I’ve had the fantastic opportunity to attend several NASA Social media gatherings during the past few years. I first became aware of the events when wife Julie was selected to attend the gathering for the last shuttle launch (Atlantis STS 135). Back then the events were called Tweetups. You can read about her experiences on her blog.
The space agency describes the events as “a program to provide opportunities for NASA’s social media followers to learn and share information about NASA’s missions, people, and programs.”
In short, NASA hopes to generate good social media buzz and reach new audiences by inviting passionate followers — often called ambassadors by NASA staff — behind the scenes to rocket launches and open houses. NASA has become a leader in social media with this effort, only eclipsed by The White House efforts.
These events has been very enjoyable for me for several reasons. I’m a lifelong space nut. Although I have given up on my dream to be an astronaut, I continue to support the space program and be passionate for science and technology. In addition, I’m a social media leader for the Indiana Department of Natural Resources and I appreciate the insights into how other government entities handle social media. I also enjoy using social media on my own time. What can I say, I’m a wired space geek.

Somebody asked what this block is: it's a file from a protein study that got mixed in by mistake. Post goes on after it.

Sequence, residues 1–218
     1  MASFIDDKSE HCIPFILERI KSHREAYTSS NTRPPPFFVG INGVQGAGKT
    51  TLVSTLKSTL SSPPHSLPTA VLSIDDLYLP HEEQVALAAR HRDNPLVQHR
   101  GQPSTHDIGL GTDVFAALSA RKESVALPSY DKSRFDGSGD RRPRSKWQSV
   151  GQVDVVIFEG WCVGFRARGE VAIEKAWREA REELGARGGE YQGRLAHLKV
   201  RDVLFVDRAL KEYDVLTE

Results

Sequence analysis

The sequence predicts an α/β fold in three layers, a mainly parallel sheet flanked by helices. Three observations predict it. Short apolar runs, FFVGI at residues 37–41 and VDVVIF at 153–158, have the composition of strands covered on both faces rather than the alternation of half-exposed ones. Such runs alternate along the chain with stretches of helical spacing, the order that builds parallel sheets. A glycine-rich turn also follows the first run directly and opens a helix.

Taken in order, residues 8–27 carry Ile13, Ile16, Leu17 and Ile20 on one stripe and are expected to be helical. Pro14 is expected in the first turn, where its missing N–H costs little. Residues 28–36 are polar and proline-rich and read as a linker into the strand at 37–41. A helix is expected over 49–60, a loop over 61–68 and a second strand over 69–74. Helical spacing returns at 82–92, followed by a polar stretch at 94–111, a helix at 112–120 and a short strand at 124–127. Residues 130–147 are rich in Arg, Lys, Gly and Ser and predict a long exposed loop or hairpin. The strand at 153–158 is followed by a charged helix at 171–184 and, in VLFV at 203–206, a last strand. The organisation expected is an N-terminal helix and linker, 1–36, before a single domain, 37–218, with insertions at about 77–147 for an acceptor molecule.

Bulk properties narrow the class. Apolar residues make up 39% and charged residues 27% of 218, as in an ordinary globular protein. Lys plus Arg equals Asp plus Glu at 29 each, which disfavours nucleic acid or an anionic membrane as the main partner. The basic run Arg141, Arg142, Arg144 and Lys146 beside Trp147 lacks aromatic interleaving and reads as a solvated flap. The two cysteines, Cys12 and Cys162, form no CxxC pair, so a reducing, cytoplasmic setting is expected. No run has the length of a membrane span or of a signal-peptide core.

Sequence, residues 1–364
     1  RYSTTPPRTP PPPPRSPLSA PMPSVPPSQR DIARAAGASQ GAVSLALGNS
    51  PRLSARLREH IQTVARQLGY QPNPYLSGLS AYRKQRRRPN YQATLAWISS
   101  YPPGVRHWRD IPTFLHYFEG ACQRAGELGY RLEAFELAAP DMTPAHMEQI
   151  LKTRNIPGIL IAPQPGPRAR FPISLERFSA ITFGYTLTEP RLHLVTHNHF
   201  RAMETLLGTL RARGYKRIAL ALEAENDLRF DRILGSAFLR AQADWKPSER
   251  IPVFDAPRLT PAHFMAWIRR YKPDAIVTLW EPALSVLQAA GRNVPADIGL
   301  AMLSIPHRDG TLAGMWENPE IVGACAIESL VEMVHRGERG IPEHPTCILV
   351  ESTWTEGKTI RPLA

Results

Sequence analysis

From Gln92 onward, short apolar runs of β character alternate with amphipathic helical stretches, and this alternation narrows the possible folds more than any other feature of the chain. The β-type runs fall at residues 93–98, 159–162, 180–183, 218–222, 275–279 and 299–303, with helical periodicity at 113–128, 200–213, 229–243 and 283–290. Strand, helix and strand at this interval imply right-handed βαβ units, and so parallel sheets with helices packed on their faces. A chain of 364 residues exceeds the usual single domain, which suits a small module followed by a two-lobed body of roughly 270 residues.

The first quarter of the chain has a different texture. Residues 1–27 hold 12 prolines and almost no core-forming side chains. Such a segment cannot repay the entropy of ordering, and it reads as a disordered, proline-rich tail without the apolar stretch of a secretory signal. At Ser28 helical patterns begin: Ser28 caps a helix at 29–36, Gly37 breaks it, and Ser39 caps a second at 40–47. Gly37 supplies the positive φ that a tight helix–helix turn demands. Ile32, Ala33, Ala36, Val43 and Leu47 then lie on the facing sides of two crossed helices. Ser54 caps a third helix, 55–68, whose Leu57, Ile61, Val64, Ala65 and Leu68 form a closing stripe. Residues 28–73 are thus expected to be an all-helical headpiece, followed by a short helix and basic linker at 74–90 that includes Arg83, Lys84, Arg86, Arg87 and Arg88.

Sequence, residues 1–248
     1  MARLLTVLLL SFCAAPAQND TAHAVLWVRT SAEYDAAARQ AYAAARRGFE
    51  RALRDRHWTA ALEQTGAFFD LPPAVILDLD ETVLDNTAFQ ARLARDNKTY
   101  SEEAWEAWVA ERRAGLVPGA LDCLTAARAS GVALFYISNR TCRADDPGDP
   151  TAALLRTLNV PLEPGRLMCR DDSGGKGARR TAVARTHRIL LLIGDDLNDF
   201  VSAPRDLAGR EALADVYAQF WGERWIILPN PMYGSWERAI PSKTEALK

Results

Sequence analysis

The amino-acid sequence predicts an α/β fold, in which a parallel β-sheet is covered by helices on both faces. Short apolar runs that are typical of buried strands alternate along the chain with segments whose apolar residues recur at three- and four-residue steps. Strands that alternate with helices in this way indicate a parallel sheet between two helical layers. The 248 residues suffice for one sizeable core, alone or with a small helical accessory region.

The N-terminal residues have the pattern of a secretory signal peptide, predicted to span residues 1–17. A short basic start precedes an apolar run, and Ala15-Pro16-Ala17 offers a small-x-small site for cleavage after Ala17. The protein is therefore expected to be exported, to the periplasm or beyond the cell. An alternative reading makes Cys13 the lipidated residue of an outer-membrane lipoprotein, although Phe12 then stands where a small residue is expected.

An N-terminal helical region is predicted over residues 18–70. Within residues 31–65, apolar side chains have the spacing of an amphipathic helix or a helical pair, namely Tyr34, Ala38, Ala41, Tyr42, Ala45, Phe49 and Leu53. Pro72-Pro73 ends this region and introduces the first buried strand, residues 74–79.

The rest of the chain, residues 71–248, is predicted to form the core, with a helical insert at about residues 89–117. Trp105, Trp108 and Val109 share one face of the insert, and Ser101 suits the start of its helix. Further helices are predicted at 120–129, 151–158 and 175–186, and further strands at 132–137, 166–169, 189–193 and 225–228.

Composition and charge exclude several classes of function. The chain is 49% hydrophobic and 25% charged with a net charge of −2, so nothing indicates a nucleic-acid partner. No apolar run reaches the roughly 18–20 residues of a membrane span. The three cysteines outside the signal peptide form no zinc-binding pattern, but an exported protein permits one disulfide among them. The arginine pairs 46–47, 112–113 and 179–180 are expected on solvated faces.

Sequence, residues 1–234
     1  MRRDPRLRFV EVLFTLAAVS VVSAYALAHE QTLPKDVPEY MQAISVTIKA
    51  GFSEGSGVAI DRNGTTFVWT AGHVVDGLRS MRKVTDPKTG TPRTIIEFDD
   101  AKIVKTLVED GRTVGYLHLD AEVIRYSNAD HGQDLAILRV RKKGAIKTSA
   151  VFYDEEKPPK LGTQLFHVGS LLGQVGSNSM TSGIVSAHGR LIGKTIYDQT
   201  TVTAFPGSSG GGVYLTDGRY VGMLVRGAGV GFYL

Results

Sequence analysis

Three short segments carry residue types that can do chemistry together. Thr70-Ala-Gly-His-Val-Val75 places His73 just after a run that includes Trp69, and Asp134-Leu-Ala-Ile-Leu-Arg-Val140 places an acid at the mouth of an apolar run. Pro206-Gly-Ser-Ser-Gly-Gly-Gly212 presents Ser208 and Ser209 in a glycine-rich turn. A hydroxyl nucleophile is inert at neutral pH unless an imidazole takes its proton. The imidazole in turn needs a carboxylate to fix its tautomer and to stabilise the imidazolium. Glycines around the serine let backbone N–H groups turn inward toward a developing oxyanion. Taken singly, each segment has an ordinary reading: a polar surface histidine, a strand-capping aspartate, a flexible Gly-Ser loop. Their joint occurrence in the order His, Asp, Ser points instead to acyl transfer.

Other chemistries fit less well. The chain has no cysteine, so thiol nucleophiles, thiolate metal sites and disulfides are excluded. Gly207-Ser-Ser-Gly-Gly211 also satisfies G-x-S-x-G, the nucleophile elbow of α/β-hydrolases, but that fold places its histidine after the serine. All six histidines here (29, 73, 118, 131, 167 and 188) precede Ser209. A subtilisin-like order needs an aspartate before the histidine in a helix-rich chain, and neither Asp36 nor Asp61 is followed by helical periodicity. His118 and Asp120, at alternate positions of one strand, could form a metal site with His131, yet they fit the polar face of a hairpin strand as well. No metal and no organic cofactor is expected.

The NASA socials I have been very lucky to attend are (I’ll add links to my blog posts and photos once I gather them all in one spot):
- The launch of the Juno space probe mission to Jupiter from Cape Canaveral Air Force Base,
- A tour of the Glenn Research Center (Cleveland, Ohio) and a celebration of John Glenn’s orbital flight,
- A tour of the Dryden Flight Research Center at Edwards Air Force Base in California,
- A tour of the Goldstone Deep Space Communications Complex at Fort Irwin, California.
The gatherings usually include presentations by staff and scientists and then tours of facilities. Some are tied to rocket launches. Celebrities and notables often drop by for a visit, such as Bill Nye.
In every case, I’ve been impressed with the passion, kindness, and humor that NASA staffers and its contractors have displayed in hosting us and telling us about their work. This has helped me keep the faith in my government and further kindled my passion for science and technology. It has been a delight to meet other smart and intelligent social media fans that also share my interests. To quote Admiral Kirk from Star Trek II: The Wrath of Khan: “It makes me feel young again.”
You can read more about NASA Socials (and watch for future events) on this web page. I also recommend following the program on Twitter @NASASocial.
The unofficial list of NASA social gatherings can be found at the NASATweetup wiki.